“I agree that conducting business on behalf of the people of Orange County should be professional, transparent, and fiscally sound. I also believe that before one assumes anything, and even worse, makes accusations, one should first gather seminal information,” the DA wrote in his letter.
He also accused Spitzer of unfairly harming Hunter’s reputation.
“You hold a very important office, and what you say in public matters, especially when the accusations are unfounded and besmirch people’s reputation,” he concludes.
(Click here to read the DA’s letter.)
Spitzer’s spokeswoman cast the attack as part of a political vendetta by the DA.
“This is pure and utter retaliation against Todd Spitzer for exposing that Tony Rackauckas’ then-girlfriend now-wife, Peggi Buff (Assistant Public Administrator) had a cushy job that she was not qualified for and removed from, with the now tarnished John Williams (Public Administrator/Public Guardian).
“Supervisor Spitzer remains committed to working on behalf of the families of Orange County and will continue to raise questions undeterred.”
(Click here to read Spitzer’s response.)
The latest allegations, regarding the proposed contract, center on a deal that would outsource the DA’s background investigations to RCS for $85,000 per year.
In his staff report recommending the RCS contract, Hunter, the investigations chief, didn’t mention his connection to a partner at the firm, Steve Rodig, who is also the proposed project manager for the contract.
Hunter supervised Rodig at the Anaheim Police Department before they both rose through the ranks, according to Spitzer.
That omission was called out last week by Spitzer, who focused on the lack of disclosure in the DA contract and a county parks contracting scandal involving grad school colleagues.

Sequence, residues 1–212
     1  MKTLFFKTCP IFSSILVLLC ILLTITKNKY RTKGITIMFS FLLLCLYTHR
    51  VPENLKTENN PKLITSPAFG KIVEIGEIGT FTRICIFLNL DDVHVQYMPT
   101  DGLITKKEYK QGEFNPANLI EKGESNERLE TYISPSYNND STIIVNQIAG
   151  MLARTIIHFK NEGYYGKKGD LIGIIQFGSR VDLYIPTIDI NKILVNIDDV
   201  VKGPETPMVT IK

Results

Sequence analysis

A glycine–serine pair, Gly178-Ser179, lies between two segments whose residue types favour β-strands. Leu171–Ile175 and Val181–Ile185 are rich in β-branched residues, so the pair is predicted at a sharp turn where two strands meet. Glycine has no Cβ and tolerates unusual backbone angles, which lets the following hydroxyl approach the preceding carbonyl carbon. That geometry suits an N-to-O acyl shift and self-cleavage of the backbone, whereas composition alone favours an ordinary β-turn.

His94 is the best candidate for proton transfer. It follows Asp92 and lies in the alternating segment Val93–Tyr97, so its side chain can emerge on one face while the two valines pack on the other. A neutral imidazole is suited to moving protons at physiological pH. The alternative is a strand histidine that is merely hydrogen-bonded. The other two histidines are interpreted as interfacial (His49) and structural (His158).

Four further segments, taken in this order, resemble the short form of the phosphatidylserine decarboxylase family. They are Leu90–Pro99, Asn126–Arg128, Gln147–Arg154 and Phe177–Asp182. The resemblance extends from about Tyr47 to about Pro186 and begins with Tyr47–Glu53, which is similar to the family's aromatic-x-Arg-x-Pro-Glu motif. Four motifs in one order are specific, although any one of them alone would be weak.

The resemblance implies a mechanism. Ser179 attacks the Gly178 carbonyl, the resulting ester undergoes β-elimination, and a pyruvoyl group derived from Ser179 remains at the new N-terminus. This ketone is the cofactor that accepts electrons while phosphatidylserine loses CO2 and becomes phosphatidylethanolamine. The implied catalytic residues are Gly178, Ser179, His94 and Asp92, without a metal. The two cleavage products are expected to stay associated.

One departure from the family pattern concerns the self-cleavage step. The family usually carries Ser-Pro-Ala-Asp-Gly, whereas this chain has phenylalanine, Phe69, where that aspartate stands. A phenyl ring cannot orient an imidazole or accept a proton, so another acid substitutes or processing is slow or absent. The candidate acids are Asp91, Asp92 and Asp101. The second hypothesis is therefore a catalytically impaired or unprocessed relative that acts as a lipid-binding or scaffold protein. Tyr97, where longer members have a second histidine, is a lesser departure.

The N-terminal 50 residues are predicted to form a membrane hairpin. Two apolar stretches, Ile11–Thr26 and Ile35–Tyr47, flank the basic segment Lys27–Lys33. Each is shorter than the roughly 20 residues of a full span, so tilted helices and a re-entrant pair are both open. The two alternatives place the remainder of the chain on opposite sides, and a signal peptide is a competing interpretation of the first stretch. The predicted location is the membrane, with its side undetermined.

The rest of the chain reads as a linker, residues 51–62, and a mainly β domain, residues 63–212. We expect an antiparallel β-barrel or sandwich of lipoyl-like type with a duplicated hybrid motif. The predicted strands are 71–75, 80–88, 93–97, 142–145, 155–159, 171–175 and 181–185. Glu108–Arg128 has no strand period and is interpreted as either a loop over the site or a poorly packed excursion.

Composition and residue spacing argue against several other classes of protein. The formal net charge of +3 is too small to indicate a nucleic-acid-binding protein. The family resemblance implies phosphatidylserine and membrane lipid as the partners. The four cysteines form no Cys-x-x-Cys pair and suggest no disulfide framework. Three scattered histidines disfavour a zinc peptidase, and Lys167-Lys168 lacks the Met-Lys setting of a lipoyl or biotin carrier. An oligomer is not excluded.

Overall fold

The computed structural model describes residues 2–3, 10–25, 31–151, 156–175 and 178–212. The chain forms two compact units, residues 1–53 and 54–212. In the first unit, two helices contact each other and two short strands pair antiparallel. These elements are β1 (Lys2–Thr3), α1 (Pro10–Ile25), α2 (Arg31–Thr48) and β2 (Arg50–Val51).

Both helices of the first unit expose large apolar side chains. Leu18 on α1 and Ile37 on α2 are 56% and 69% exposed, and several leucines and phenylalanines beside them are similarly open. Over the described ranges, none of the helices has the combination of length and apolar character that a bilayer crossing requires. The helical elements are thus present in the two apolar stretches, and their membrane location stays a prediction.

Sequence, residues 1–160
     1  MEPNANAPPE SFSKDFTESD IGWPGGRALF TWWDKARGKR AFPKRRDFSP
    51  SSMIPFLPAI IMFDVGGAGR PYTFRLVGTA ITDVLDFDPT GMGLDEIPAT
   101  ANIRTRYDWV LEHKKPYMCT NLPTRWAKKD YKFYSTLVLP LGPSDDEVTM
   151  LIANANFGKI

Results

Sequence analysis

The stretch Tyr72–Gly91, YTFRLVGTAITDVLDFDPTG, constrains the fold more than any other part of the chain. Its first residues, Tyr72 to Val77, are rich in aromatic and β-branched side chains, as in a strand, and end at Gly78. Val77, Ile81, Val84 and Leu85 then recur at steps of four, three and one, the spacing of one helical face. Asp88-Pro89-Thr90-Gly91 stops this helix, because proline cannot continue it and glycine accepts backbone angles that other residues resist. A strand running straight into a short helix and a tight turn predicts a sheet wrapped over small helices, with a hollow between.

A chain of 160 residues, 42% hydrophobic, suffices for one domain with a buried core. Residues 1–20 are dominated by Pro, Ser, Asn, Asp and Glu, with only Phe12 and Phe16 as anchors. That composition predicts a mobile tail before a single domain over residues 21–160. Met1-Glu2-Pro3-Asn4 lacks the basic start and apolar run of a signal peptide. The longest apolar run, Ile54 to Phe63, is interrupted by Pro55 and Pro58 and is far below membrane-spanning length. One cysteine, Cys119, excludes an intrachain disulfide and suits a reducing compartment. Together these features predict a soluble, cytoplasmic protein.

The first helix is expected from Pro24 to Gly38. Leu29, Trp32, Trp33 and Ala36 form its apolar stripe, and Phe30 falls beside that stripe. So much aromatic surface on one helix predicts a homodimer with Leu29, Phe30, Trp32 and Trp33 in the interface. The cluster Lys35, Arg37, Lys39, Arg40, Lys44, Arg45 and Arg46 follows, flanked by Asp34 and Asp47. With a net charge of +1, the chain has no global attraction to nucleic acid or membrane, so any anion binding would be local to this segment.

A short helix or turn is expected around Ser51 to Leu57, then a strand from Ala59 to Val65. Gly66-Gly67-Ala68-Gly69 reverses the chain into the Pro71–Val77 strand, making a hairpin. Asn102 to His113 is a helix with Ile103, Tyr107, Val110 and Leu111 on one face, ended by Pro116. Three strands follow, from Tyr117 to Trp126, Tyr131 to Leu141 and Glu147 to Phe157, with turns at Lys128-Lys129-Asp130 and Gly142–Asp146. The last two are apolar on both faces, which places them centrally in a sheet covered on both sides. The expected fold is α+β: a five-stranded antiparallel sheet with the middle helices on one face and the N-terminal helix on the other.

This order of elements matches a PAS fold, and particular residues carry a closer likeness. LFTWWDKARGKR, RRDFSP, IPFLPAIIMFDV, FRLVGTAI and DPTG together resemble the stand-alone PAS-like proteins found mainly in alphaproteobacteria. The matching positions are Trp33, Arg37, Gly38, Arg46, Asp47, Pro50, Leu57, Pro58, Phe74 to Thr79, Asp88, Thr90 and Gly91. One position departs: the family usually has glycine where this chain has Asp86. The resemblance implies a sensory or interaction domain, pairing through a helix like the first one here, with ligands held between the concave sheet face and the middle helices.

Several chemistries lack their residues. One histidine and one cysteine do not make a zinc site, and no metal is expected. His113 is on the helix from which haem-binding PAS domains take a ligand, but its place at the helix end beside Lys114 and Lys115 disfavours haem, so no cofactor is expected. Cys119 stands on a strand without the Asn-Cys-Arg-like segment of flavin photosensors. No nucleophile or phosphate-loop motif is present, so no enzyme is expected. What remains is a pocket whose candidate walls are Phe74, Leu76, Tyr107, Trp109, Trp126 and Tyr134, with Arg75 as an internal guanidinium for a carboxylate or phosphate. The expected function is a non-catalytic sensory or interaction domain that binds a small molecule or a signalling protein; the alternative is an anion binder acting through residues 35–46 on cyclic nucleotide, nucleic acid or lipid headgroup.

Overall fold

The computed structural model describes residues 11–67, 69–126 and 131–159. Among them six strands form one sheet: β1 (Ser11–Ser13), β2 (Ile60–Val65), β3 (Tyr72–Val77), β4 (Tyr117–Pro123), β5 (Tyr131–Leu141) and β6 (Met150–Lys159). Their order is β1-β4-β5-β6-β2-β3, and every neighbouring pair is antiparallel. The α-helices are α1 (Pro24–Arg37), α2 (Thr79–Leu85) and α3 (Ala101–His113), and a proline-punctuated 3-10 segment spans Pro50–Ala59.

In his response letter, Rackauckas acknowledges that Hunter “did work with the owners of RCS, who were police managers at [the Anaheim Police Department] before their retirement.”
The process for choosing RCS was conducted fairly, Rackauckas wrote.
“A public bid was advertised complying with all County rules,” the letter states. “Chief Hunter was not part of the [request for proposals] process or scoring.”
Only two firms submitted bids for the work, Rackauckas wrote, with RCS offering a lower price than the other firm, which is based in Los Angeles and “had never done police background checks.”
The DA’s letter, meanwhile, didn’t discuss why Hunter’s staff report didn’t disclose his previews relationship with Rodig, who is listed as the contractor’s project manager.
In his comments at the end of the meeting, Spitzer called for the creation of a new disclosure policy regarding officials’ relationships with proposed contractors.
He directed staff to draft a policy requiring that past and current professional and personal relationships be disclosed with vendors up for approval.
That “checklist” would include a list of vendor employees who have been county employees, and retirees receiving public pensions who will be working on the contract.
The RCS contract was supposed to return for a decision by supervisors at their meeting on Tuesday. But on Monday, the DA’s office delayed the item to next week’s meeting.
Spitzer’s proposed policy on contractor disclosures is expected to return to sometime in Spring.